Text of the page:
Ethics. Research. Community.

How to improve organ donation: results of the ISHLT/FACT poll.

The Journal of heart and lung transplantation : the official publication of the International Society for Heart Transplantation. 
22
(4): 
389-410; 
2003. 
(English). 
[Record Source: PubMed]
BACKGROUND: Worldwide organ shortages remain a long-standing problem. Efforts to address this have ranged from attempts to improve public awareness to modified mandated choice systems; most have been unsuccessful. In the face of this intractable problem, increased consideration has been given to direct and indirect compensation, and in certain countries, black markets for organs have developed. To examine the attitudes of the transplant medical community regarding these issues, we surveyed members of the International Society for Heart and Lung Transplantation (ISHLT) in conjunction with the Foundation for the Advancement of Cardiac Therapies (FACT). METHODS/RESULTS: We asked for opinions about how to improve organ donation. Of 739 respondents, 75% supported presumed consent, and 39% identified it as the single best way to increase donation; improved public education was a distant second (18%). Seventy percent supported indirect compensation (e.g., payment of funeral expenses, donation to a charity of the family's choice), and 66% opposed direct compensation (e.g., tax credit, life insurance benefit). When asked whether next of kin should be consulted regarding organ donation, and 84.2% responded affirmatively. However, of these individuals, 77.2% did not think that consultation should be required if the potential donor already had signed a donor card. MEMBERSHIP: Our membership dramatically favors indirect over direct compensation as a way of increasing organ donation. The majority also favors the wishes of the individual over the family in determining donor status. However, presumed consent is the single best way to significantly improve organ donation, according to the majority of our respondents. More effort should be directed toward policy in these areas as opposed to improving public education, which has failed to yield satisfactory results.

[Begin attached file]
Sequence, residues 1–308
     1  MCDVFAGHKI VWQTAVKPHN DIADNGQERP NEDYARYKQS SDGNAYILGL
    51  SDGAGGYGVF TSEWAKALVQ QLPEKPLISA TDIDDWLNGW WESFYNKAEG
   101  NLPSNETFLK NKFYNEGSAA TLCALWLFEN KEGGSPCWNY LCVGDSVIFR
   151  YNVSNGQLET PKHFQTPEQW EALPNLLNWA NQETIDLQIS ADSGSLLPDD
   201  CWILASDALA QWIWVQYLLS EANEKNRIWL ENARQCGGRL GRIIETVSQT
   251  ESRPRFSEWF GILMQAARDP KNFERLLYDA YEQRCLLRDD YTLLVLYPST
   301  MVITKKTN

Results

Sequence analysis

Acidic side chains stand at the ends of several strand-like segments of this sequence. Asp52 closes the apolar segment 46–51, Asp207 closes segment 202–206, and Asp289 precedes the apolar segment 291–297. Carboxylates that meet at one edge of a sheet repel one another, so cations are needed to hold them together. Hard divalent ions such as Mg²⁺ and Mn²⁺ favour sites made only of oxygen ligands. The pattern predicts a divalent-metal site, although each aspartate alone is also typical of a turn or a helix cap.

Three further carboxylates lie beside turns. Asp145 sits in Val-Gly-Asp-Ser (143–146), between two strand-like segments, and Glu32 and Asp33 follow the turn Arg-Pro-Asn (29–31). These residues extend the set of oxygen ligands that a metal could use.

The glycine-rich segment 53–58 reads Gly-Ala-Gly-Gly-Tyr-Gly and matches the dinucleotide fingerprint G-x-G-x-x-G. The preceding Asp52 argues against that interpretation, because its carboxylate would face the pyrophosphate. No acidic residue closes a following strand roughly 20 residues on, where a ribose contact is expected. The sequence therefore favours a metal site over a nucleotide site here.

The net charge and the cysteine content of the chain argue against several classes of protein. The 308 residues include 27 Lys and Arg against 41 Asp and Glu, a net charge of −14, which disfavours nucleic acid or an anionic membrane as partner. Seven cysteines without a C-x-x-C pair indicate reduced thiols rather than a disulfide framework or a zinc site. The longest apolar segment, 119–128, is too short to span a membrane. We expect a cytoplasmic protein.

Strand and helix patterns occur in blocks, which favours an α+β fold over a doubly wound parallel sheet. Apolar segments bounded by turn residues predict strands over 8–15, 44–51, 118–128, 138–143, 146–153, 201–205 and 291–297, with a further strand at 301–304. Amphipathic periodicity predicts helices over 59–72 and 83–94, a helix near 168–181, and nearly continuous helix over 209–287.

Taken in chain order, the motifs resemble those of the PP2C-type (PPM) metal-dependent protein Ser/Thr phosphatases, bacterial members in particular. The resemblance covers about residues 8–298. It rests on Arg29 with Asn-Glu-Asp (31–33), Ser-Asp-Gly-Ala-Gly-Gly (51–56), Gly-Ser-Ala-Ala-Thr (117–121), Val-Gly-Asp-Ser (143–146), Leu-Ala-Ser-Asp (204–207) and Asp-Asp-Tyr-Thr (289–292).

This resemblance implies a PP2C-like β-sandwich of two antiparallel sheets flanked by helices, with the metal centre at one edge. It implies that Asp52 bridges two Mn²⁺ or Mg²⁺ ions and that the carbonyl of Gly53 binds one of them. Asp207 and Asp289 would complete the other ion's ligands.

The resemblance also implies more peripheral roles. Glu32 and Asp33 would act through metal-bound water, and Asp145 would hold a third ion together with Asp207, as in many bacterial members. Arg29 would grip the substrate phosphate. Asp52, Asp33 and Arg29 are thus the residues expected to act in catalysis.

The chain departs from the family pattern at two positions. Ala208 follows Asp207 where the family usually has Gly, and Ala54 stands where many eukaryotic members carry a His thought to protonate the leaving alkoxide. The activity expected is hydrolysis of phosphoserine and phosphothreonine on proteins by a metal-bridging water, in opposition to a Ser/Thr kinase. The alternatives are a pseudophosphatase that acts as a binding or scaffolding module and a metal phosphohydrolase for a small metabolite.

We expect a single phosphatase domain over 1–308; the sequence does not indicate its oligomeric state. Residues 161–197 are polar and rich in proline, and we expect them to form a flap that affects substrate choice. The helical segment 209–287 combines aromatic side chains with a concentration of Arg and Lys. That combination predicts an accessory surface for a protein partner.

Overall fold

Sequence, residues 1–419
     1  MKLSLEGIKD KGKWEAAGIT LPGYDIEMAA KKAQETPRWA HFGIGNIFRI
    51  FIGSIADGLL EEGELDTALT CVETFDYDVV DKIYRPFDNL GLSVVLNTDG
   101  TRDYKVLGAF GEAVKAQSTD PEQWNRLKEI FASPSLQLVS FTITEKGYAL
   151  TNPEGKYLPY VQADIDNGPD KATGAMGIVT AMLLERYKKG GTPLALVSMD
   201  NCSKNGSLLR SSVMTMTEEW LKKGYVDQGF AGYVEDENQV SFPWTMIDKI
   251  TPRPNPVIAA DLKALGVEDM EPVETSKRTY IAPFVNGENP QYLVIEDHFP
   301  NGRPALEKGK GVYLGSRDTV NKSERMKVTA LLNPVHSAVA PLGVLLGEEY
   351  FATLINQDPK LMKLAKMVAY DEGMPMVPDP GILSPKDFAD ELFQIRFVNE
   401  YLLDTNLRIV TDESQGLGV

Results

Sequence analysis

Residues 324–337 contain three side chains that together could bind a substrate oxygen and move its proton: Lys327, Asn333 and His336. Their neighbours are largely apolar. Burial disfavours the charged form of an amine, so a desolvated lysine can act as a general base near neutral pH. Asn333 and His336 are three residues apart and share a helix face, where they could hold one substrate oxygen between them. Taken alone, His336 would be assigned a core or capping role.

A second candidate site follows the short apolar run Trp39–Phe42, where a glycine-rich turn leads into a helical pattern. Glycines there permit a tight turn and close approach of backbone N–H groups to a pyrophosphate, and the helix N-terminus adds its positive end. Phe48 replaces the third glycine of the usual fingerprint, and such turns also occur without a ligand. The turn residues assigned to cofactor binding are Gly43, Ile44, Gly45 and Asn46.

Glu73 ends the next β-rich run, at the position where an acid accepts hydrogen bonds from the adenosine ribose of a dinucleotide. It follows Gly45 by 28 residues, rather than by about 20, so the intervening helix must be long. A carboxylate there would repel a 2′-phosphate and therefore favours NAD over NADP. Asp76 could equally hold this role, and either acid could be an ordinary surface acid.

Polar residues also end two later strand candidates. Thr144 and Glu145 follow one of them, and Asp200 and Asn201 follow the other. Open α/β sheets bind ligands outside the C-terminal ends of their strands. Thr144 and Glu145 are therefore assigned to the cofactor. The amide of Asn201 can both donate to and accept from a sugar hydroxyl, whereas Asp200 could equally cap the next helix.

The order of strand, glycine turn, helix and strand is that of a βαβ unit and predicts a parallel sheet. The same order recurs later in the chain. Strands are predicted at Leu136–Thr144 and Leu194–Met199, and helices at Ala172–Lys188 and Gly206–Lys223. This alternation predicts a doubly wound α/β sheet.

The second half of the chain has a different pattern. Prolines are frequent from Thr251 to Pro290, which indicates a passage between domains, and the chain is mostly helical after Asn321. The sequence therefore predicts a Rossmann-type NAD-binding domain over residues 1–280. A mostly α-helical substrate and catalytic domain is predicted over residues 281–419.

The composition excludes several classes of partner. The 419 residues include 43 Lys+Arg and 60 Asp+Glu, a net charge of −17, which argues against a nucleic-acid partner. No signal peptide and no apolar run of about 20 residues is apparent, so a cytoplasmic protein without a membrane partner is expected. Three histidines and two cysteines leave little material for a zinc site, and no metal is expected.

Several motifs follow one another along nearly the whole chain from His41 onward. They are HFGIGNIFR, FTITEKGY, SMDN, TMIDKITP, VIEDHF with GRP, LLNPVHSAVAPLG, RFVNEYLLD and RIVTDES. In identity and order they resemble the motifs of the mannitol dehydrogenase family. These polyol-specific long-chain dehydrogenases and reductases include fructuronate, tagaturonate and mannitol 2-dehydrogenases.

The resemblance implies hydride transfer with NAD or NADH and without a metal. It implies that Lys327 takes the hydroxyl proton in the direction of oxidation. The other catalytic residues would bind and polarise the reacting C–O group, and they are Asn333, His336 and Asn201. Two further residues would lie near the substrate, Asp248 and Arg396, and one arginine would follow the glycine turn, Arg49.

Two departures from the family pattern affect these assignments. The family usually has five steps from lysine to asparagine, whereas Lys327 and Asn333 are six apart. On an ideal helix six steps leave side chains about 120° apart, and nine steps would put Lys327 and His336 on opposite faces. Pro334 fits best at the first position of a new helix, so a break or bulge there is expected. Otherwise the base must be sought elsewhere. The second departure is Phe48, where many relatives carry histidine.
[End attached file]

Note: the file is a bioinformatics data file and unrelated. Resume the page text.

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Detailed Record Information

Record TypeJournal Article
Record Source Status
[MEDLINE]
FormatsPrint
ISSN1053-2498